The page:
February 1, 2012
Credit Union Management magazine’s Web-only “Good Governance” column runs the first Wednesday of the month.
The early 21st century taught us that while we can’t always predict the future, having a future-tense-focused board of directors reduces surprise, enables nimbleness in response to sudden change, and helps seize opportunities ahead of the average organization.
Perhaps a business environment shift, competitor’s move, or a drop in member demand surprised your board recently. Or, perhaps your board oversees a highly successful enterprise and you’ve come to expect success. Either situation can be perilous. The first because you were surprised and possibly could have anticipated shifts earlier by investing in more future-focused discussion. The second because success is the biggest cause of complacency, and complacency frequently leaves us reacting rather than moving proactively.
The biggest competitor for most of our businesses is our own provincial view of the enterprise—that is, believing ourselves insulated from most big trends and customer shifts because we’ve historically done OK. High performance boards fight complacency with a rigorous dose of strategic thinking—non-stop and year round, not simply at the annual planning retreat. A key way to embed strategic thinking and facilitate a future-tense view for your board throughout the year is to tap into excellent, often outside, sources of strategic thinking.
Bring in an outside trend expert to speak at your annual strategic planning meeting and stretch your thinking about the future. Bring in two or three experts during the year to speak to your board for a few minutes—you’ve got the time. The outside view can more easily challenge traditional assumptions or complacency than can the chair or CEO. Directors don’t have to be convinced of the truth or statistical probability of the view brought in, but they will most certainly have their minds stretched.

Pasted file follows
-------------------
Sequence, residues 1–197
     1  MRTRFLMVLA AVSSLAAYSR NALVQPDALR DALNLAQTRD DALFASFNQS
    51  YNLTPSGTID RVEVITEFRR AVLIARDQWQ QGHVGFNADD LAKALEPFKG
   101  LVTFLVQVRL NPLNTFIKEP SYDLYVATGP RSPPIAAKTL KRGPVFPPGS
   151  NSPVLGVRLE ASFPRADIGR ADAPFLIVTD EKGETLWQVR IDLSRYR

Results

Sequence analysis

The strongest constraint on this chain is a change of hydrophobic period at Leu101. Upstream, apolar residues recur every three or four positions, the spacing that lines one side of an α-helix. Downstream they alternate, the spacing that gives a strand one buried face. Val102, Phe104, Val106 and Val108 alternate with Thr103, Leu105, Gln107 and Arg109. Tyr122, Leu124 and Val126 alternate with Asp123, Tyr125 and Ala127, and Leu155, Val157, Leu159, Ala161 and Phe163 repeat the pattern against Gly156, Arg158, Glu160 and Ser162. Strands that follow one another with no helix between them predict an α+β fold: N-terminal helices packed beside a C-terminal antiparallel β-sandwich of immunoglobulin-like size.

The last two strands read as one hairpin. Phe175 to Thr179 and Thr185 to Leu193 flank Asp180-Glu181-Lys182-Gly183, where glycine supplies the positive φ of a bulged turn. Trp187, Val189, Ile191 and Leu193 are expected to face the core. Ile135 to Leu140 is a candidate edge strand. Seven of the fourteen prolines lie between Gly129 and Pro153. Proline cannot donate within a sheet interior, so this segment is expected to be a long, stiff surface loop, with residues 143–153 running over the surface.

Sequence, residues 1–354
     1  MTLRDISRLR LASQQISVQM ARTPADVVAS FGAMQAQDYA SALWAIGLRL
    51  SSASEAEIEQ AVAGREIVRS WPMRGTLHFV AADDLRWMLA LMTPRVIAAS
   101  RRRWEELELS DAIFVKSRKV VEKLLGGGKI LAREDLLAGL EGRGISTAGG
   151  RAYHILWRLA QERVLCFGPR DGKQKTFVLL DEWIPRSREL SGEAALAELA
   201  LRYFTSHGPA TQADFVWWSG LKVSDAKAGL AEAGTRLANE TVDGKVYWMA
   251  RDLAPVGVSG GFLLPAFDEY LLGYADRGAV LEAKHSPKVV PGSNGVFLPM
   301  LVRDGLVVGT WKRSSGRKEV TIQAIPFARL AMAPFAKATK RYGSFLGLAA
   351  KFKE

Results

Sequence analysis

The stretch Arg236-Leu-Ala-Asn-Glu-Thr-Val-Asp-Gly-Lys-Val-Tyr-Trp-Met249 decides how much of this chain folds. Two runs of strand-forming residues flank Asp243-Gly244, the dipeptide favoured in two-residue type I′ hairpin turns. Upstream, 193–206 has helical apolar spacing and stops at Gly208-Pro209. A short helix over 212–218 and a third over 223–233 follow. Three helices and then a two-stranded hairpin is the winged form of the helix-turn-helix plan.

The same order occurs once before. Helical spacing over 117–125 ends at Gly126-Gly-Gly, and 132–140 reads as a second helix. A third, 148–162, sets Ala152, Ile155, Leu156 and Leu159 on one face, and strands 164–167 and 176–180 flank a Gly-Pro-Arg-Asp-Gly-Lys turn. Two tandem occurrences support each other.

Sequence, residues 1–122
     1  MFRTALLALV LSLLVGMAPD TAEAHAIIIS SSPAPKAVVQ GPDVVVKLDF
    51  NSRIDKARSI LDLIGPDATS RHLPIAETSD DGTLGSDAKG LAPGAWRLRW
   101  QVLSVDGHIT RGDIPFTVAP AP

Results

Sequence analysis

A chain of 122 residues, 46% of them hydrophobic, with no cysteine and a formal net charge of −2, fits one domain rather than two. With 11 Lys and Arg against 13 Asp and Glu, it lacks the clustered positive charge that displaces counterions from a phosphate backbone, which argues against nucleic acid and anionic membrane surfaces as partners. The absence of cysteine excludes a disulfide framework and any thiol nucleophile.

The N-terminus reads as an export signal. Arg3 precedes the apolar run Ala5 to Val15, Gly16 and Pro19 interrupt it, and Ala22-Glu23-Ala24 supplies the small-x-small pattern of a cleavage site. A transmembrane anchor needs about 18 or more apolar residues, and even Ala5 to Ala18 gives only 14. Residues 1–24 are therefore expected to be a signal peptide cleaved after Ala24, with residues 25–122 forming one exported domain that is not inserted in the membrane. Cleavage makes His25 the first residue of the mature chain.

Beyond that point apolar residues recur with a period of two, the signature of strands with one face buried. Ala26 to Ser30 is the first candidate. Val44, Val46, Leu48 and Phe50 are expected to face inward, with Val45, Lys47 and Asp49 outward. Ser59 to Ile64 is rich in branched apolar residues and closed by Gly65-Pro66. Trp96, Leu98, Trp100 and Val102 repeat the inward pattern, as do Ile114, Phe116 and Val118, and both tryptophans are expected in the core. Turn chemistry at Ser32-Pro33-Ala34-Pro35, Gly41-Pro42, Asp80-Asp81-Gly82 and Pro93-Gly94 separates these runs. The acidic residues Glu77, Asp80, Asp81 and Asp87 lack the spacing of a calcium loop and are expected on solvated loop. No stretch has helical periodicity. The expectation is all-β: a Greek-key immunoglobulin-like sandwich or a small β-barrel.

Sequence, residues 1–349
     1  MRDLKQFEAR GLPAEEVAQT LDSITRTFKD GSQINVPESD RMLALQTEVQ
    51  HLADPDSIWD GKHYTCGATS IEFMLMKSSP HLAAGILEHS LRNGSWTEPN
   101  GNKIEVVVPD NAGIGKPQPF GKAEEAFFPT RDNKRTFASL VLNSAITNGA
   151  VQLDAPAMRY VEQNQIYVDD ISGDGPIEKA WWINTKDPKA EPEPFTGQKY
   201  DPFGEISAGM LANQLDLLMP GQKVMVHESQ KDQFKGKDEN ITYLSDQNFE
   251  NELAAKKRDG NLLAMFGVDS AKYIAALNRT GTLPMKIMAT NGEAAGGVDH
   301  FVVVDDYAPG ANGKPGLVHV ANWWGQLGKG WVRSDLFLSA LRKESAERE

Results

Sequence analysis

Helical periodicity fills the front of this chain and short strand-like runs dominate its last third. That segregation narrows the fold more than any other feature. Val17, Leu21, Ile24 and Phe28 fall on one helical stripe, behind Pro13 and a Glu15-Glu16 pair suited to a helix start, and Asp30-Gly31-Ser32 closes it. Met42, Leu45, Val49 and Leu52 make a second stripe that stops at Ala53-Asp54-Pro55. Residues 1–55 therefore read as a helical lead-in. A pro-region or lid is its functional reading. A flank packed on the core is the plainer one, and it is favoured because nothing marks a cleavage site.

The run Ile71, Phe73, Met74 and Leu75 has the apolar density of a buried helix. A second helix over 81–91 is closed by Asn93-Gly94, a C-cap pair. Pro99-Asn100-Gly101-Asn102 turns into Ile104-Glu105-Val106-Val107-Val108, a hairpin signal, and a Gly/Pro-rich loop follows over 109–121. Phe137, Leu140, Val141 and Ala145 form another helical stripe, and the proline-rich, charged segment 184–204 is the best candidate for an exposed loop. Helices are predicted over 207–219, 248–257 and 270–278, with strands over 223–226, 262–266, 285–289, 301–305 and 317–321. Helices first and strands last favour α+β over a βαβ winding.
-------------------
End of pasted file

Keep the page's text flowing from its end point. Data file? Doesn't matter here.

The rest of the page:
Remember, your members see their future. Make sure you explore your value proposition to members by doing a deep dive into their answers to a twice-a-year “value” survey. Satisfaction is how happy they are with service and access; “value” is what needs members want met, and how their needs are changing.
Twice-a-year, small-sample surveys are cost effective and provide a more real-time credibility to the data. Once a year, ask a series of questions about what your members would like to see from you that you don’t currently provide. In the other half-year survey, ask members to rate the importance of various elements of your products, services and policies from most valuable to least valuable.
Year-to-year comparisons to these answers (to only a few questions) help boards see member value shifts early, rather than after members have moved to a different financial institution in frustration. While a board may wish to deny other developing trends in the environment, it’s virtually impossible to ignore member feedback. Viewing value-shift data gives boards permission to think more strategically about tinkering with the enterprise.
Expect executive and key administrative staff to push new developments your way—possibly using a board-only website. Especially have the executive team report on trends they notice while attending professional meetings.